DefinitionThis section has been translated automatically.
Superantigens (SAG) are a complex of toxins with antigenic properties that are among the most potent activators of human T lymphocytes. Well known are bacterial and viral superantigens. Especially gram-positive bacteria are important producers of superantigens, here especially staphylococci and streptococci. Known superantigens are the erythrogenic scarlet toxins (see scarlet fever below) of the beta-hemolytic streptococci of the Lancefield group.
Among the gram-negative microorganisms, the toxins MAM and YPM of Mycoplasma arthritidis and Yersinia pseudotuberculosis are known as superantigens.
General informationThis section has been translated automatically.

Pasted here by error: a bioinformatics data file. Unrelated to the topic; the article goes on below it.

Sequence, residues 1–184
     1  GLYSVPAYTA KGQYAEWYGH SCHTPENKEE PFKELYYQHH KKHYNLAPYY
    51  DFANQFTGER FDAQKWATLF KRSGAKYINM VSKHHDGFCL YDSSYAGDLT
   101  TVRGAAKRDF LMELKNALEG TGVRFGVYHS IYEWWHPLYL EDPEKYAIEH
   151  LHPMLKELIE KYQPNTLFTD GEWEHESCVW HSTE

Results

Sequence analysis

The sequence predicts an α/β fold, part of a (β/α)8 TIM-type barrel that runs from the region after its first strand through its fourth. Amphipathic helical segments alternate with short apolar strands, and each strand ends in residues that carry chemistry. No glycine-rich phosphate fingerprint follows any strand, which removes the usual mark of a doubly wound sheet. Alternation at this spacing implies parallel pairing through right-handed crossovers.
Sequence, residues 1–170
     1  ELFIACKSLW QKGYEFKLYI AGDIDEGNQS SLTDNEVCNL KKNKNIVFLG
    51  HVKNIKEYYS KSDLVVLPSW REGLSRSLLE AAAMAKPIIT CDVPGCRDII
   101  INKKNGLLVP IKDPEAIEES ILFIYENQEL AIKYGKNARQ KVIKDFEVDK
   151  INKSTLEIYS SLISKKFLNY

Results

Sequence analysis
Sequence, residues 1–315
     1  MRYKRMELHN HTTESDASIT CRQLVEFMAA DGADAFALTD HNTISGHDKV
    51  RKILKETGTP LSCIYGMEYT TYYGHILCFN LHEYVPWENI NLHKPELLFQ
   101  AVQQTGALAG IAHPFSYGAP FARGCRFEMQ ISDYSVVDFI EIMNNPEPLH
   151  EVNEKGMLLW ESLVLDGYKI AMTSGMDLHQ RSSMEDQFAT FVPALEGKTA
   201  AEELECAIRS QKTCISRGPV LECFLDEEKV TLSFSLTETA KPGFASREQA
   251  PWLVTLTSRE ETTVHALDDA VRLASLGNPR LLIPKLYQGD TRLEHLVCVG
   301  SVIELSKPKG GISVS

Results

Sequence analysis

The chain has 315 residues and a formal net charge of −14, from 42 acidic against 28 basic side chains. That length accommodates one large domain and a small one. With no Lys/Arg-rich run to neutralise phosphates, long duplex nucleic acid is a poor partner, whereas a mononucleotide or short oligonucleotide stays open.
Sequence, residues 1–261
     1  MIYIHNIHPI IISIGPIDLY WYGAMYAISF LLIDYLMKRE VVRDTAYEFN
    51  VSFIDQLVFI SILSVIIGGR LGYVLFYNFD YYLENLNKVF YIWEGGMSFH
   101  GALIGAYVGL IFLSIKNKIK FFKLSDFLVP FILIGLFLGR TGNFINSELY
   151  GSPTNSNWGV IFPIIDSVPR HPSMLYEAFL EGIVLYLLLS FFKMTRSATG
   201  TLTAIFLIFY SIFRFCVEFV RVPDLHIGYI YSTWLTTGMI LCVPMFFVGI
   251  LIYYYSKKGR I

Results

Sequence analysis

- SAG lead to a stimulation of T cells by cross-linking of MHC II (histocompatibility II complex of antigen presenting cells APC) and T cell receptor (superantigens bind to monomorphic, i.e. conserved sequences of the hypervariable regions of the beta chains of T cell receptors - TCR V beta region) without the need for specific recognition of an antigen presented by the MHCII complex. Independent of the antigen specificity of the T lymphocytes, this leads to a fulminant and completely uncoordinated activation and release of cytokines and thus to an excessive inflammatory reaction of the organism (e.g. shock syndrome, toxic).
- SAG also act to a lesser extent than conventional antigens (see Antigen). Detection of IgE and IgG antibodies against SAG, whereby an IgE-mediated histamine release takes place (amplification of the inflammatory reaction).
- After superantigen-induced activation of the T cells, massive systemic lymphokine release occurs within a short time. Especially the cytokines TNF-alpha as well as the interleukins IL-1, 2, 6 and IFN-gamma. The abnormal release of lymphokines seems to be a cause of toxic shock syndrome and a number of other diseases.
- SAGs have an influence in some skin diseases, such as scarlet fever, atopic eczema, psoriasis vulgaris and mycosis fungoides.